Sick of getting a middle seat on flights? This new design will make you want it

What’s the worst thing about flying economy? Is it the very little leg room? The bland food or chatty passengers?

Or is it sitting in the middle seat like you’re trying to avoid catching a virus?

We have all sat awkwardly sandwiched in between two people and fought – discreetly – for elbow room on a flight. Although this is not your ultimate saviour from airline pet peeves, the S1 design from the Colorado-based startup, Molon Labe Seating, will make your in-flight experience a little less miserable.

According to CNN, the new seating design features three economy seats arranged in a staggered layoutas opposed to the conventional straight spread. The middle seat is placed at a lower height and slightly behind the aisle and the window seats.

Talk about ergonomic design, somebody finally heard our prayers.

Breaking down the level of discomfort on airlinesmiddle seats:

  • Sitting directly next to each other means passengers don’t have much shoulder room.
  • Whose elbow space is it anyway?

The aboveproblems have been solved in the new seating design.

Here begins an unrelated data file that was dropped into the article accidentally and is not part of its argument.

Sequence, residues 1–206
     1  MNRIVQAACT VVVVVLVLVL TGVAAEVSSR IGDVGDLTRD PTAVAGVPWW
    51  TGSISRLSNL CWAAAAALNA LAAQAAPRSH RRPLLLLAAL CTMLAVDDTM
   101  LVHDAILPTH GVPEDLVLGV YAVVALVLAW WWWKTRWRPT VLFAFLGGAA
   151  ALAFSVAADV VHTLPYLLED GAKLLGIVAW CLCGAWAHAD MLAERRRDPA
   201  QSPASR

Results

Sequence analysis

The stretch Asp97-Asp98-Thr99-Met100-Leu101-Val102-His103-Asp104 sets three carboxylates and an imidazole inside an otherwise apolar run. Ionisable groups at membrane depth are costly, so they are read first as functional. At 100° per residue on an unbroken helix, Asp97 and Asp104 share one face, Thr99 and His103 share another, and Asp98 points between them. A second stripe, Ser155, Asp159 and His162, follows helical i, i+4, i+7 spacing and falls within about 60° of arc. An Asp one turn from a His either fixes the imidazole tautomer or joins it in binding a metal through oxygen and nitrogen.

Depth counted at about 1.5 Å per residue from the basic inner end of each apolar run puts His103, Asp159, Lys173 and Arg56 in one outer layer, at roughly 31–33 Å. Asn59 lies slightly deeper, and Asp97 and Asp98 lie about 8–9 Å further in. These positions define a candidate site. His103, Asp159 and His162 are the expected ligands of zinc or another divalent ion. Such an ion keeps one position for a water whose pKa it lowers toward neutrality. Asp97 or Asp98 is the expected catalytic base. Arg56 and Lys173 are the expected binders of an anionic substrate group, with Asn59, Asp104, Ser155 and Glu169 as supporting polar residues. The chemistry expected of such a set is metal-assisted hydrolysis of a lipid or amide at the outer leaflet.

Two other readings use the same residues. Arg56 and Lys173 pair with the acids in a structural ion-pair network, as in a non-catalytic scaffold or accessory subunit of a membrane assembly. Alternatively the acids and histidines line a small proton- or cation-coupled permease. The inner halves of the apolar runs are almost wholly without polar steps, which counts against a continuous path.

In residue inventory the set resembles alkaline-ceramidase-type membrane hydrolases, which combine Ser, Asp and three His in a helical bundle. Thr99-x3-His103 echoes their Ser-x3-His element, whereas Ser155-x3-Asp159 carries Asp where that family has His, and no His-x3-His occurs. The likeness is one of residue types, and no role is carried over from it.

The new middle seat has been made about three to five inches wider than the standard 18-inch seats and placed a few inches back to let passengers have more shoulder room.

And to discover whose elbow space it is, the armrests have been designed to give all three passengers space to rest their arms. The armrests are no longer built at a uniform height. The aisle and window seat passengers will have space to rest their hands at the front end of the armrest while the middle seat passenger will have the spacious lower end at a lower height.

At the moment, these seats are only intended for domestic flights flying short hours, although the company is working on a version for longer flights with more padding and larger TV screens.

The seats are likely tohitthe US market in April or May 2020.

The seats were certified by the Federal Aviation Administration in June, and are being manufactured by Primus Aerospace in Colorado.

Not only will the seats be a treat to fliers, but theycan also help airlines cut down on fuel costs as they arelighter than standard airline seats.